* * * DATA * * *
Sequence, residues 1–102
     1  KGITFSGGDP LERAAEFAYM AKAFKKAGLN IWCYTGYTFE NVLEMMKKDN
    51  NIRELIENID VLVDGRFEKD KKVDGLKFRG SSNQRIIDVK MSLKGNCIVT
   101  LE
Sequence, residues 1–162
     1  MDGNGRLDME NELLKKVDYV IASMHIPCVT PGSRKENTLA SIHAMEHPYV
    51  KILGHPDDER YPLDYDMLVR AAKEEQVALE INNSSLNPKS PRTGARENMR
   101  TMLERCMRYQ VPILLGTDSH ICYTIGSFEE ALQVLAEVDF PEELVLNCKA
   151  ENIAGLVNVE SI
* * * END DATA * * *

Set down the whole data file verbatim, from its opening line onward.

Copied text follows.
Sequence, residues 1–102
     1  KGITFSGGDP LERAAEFAYM AKAFKKAGLN IWCYTGYTFE NVLEMMKKDN
    51  NIRELIENID VLVDGRFEKD KKVDGLKFRG SSNQRIIDVK MSLKGNCIVT
   101  LE
Sequence, residues 1–162
     1  MDGNGRLDME NELLKKVDYV IASMHIPCVT PGSRKENTLA SIHAMEHPYV
    51  KILGHPDDER YPLDYDMLVR AAKEEQVALE INNSSLNPKS PRTGARENMR
   101  TMLERCMRYQ VPILLGTDSH ICYTIGSFEE ALQVLAEVDF PEELVLNCKA
   151  ENIAGLVNVE SI